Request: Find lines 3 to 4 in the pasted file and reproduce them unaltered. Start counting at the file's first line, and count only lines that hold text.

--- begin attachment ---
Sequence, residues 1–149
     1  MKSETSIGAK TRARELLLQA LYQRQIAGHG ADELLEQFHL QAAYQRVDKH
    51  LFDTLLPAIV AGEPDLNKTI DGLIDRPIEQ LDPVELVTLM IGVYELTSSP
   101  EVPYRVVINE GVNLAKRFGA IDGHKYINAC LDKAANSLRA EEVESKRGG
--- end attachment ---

    51  LFDTLLPAIV AGEPDLNKTI DGLIDRPIEQ LDPVELVTLM IGVYELTSSP
   101  EVPYRVVINE GVNLAKRFGA IDGHKYINAC LDKAANSLRA EEVESKRGG